What is a base substitution?
It’s a single gene mutation in which one base pair is replaced by another. In molecular genetics it’s called point mutation
What is a silent substitution?
Does not change the amino acid sequence and have no consequences
What is a missense mutation?
Produce a change in single amino acid
What is a nonsense mutation?
Produce one of the three stop codon (UAA, UAG, UGA) causing premature termination of the polypeptide chain
What happens in a deletion and insertion mutations?
It can result in extra or missing amino acids in a protein, often detrimental
What is a frameshift mutation?
When the number of missing or extra base pairs is not a multiple of three. This changes the entire reading frame from that point on.
What is a duplication mutation?
duplication of the whole gene
What happens at splice-site mutations?
Happens at intron-exon boundaries, alter the spicing signal that is necessary for proper excision of an intron
What is a promoter mutation?
It decreases the affinity of RNA polymerase for a promoter site, often resulting in reduced production of mRNA and reduced production of a protein
What is an enhancer mutation?
Mutation in the enhancer region of the DNA which results in reduced protein production.
What are expanded repeat mutations?
affects tandem repeated DNA sequences that occur within or near certain disease-related gene
What are gain of function mutations?
They result in overexpression of the product or inappropriate expression. It produces dominate disorders
What genotype results in loss of function mutations?
What genotype in loss of function mutations is sufficient for normal function?
hterozygous. 50% of the protein product is lost but the 50% that remains is sufficient for normal function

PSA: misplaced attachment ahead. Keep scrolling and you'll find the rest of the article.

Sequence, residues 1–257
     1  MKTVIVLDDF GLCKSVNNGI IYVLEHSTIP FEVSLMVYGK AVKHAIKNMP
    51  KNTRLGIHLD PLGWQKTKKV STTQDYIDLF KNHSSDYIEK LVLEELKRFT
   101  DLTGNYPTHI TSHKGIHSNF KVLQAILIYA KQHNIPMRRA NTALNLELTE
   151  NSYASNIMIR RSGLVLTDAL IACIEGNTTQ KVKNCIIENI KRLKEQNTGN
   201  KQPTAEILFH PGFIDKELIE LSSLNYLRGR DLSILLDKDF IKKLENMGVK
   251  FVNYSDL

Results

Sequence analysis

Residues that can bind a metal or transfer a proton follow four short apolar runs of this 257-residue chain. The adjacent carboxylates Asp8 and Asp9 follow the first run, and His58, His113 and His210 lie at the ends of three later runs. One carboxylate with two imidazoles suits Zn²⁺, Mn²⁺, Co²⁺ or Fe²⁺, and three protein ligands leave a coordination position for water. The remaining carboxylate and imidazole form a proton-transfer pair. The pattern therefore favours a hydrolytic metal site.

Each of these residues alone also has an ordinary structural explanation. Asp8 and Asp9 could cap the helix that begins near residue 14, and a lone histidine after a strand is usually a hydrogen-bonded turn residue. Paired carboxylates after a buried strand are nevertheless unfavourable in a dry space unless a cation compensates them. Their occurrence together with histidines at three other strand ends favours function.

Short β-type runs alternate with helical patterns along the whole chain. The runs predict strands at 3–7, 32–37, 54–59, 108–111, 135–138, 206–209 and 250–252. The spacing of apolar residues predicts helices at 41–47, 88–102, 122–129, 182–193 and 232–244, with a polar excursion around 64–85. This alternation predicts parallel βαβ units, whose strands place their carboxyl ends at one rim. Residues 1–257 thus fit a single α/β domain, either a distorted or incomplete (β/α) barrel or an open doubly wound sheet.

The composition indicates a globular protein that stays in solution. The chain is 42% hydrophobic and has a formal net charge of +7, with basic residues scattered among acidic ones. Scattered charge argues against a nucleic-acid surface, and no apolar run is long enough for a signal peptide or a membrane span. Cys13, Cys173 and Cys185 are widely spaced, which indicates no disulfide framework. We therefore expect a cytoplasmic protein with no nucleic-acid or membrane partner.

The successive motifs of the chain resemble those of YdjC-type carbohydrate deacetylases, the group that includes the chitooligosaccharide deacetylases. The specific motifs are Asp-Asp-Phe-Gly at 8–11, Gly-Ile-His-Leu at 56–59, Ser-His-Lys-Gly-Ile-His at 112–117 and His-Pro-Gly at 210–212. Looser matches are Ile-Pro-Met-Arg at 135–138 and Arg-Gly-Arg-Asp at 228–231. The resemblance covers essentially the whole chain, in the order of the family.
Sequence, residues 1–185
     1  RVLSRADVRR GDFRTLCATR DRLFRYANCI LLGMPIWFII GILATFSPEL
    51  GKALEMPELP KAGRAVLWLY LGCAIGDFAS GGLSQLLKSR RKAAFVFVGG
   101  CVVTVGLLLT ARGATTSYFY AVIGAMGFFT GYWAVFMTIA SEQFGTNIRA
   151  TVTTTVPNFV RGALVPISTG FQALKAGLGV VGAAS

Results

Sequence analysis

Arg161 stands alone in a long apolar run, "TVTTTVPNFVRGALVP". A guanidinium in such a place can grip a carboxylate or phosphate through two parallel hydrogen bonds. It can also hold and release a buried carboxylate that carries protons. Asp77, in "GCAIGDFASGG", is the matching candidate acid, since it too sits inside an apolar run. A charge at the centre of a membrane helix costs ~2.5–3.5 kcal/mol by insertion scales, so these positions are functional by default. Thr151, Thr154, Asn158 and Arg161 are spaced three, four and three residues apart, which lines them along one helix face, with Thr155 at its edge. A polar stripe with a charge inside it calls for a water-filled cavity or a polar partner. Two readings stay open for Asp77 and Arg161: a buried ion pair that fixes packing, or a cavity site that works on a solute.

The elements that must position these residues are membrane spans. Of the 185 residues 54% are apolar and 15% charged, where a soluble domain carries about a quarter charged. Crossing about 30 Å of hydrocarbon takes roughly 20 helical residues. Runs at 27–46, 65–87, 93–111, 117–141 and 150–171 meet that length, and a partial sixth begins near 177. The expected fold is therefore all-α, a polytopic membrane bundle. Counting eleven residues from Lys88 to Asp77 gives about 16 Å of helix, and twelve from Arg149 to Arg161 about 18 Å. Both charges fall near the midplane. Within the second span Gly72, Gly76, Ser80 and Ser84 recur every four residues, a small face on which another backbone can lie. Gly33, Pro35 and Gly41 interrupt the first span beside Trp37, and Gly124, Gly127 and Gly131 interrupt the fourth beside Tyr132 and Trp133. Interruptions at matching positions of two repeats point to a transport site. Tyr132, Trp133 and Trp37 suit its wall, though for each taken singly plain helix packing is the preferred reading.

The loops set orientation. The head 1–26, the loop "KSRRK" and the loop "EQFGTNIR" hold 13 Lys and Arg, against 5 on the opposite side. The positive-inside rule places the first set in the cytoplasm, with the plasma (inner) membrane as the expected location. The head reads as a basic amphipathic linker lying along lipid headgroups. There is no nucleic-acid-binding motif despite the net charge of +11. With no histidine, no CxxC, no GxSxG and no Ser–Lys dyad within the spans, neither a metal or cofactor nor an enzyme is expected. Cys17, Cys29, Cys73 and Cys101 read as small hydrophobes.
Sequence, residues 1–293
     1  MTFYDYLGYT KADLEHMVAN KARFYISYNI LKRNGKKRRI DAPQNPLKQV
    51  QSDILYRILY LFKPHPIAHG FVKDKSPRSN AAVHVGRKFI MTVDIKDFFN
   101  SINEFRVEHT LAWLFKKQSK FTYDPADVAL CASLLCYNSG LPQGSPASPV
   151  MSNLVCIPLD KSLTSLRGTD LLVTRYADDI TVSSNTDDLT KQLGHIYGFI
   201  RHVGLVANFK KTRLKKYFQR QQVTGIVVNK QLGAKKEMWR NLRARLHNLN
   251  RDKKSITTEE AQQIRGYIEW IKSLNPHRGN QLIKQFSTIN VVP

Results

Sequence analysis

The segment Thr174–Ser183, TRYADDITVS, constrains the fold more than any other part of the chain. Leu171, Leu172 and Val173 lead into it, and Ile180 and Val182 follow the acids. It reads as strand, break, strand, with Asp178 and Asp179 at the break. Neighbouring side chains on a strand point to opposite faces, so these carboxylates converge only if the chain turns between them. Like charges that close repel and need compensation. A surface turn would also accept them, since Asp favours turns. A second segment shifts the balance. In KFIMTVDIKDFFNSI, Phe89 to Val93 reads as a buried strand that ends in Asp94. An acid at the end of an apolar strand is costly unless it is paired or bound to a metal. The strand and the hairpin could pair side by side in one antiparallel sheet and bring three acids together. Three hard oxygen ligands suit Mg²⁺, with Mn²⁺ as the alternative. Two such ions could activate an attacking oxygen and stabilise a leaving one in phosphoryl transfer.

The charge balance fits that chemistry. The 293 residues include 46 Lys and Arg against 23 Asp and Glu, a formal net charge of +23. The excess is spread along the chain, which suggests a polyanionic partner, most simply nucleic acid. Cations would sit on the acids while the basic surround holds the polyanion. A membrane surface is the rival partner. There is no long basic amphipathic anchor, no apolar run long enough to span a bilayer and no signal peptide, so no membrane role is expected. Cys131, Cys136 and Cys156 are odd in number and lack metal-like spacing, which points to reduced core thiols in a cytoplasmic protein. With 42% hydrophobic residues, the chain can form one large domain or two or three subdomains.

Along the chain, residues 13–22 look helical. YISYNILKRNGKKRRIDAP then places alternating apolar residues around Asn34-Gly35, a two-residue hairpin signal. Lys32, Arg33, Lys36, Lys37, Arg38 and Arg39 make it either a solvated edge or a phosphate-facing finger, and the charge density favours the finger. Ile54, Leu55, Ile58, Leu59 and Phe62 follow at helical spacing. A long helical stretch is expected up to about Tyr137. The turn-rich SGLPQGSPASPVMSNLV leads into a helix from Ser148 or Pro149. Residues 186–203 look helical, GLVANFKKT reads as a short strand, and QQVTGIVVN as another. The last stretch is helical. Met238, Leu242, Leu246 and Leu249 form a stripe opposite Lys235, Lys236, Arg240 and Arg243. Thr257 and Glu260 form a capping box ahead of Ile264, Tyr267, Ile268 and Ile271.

What are the normal subunit genes of adult Hb?
Normal individual has two normal βgenes and four normal α genes and is associated with a heme group
What populations are mostly affected by sickle cell disease?
Affects mostly African-American, Middle Eastern and Mediterranean population
***What is the cause of sickle cell disease?****
single missense mutation that affects a substitution of a valine for glutamic acid at position 6 of the β-globin polypeptide chain
What is generalized thalassemia?
α & β globin chain is structurally normal but reduced in quantity
What is α-Thalassemia?
α-chain is reduced and there are excess β-chains
What are the main causes of α-Thalassemia?
deletions of the α-globin genes
What is HbH disease?
The loss or abnormality of three of the α-genes
What are the clinical manifestations of HbH disease?
IT produces moderately severe anemia and splenomegaly
What is the cause of hydrops fetalis?
Loss of all four α-genes
What are the clinical manifestations of hydrops fetalis?
Condition in which there is a massive buildup of fluid.
What is β- Thalassemia?
β-chain is reduced & excess α-chains
What are the issues with excess α-chains?
Excess α-chain causes precipitation and damages the cell membranes of red blood cell precursors. This leads to premature erythrocyte destruction and anemia
What is β-Thalassemia minor?
Mutation in one copy of chromosome 11. It involves little or no anemia and does not ordinarily require clinical management.
What is it called when β-globin is completely absent?
What is it called when β-globins are reduced to about 10-30% of the normal amount
What is HPFH?
(hereditary persistence of fetal hemoglobin): occurs when fetal hemoglobin, encoded by the α-globin genes and by two β-globin like genes called Aγ & Gγ continues to be produced after birth